operates or directs one or more Federal Laboratories shall make available sufficient funding . . . to support” technology transfer. The level of funding actually committed to facilitating technology transfer is therefore variable and is one indicator of the Navy’s commitment to accomplish this important goal on a year-to-year basis.

Despite enactment of legislation and programs to encourage and even mandate technology transfer, the defense industry as a whole has not had a high success rate in defense conversion (Naval Research Advisory Committee, 1993). The most successful technology transfer efforts have involved aerostructures, as the needs of the commercial aerospace market are similar to those of the defense market. In areas without such a clear link to defense, there has been less success in transferring technology (Naval Research Advisory Committee, 1993). Most marine industries fall into the latter group. Information about the needs of the private marine sector does not commonly reach the Navy’s primary producer and sponsor of marine R&D, the Office of Naval Research (ONR). Likewise, information about marine technologies currently available and under development at ONR is not adequately conveyed to nonmilitary interests. This lack of two-way communication, matching the “solutions” that potentially exist at ONR with the “problems” of the marine industry in the nonmilitary sector, forms a major impediment to effective technology transfer.

In response to a request from the Office of Naval Research (Appendix A), the Ocean Studies Board (OSB) of the National Research Council (NRC) formed the Committee on Alternative Uses of Naval Technology. The committee was requested to produce a report detailing (1) how ONR now interacts with industry, (2) how those avenues of interaction may be improved, and (3) future areas of technology research that may be appropriate for ONR to pursue, which might have applications to interests outside the Navy. The committee did not discuss specific areas of future basic research for ONR to pursue because the OSB has provided such advice in more than 12 recent reports to ONR (e.g., NRC, 1991, 1992a,b, 1993a,b,c,d,e, 1994). The committee focused its efforts on establishing the future technology needs of a major segment of the nonmilitary, industrial sector. The phrase “ocean science and technology development” is used throughout this report to denote hardware, software, patents (in process and issued), as well as scientific research and resultant knowledge.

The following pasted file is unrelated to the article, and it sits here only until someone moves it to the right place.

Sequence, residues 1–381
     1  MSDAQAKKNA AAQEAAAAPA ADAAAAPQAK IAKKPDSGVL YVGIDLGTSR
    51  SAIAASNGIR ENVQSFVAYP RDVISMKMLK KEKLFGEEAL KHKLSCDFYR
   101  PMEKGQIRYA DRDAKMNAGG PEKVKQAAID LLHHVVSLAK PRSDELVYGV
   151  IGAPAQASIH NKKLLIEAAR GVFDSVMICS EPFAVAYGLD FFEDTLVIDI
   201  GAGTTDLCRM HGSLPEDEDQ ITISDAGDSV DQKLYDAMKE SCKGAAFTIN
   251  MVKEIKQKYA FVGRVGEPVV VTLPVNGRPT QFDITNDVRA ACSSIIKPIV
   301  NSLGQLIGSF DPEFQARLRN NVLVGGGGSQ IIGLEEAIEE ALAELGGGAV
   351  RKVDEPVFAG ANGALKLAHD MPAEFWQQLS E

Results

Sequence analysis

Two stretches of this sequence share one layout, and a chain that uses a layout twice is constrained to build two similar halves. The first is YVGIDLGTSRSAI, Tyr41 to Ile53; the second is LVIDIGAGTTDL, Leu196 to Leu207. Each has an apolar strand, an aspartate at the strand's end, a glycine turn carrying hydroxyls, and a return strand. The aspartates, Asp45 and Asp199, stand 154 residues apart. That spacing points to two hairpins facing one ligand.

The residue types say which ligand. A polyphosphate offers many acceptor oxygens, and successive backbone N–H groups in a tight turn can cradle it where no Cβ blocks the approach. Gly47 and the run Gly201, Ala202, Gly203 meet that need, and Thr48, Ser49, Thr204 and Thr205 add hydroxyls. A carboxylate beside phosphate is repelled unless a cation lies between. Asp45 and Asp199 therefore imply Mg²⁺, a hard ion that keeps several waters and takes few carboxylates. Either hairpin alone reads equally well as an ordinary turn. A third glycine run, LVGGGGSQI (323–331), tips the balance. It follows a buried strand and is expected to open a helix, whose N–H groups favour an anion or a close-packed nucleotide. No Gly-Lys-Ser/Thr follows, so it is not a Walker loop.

Members of the committee have considerable knowledge of marine science and technology issues (Appendix B). The committee invited several ONR researchers, as well as representatives of key marine industries, to present their perspectives on the status of marine research and technology transfer. Three meetings were held to provide a forum for this exchange of information. The first meeting included presentations by ONR personnel regarding marine technologies currently available and under development. The second meeting assembled representatives of several marine industries and agencies to give their views on technology needs in the near future and the current status of ONR technology

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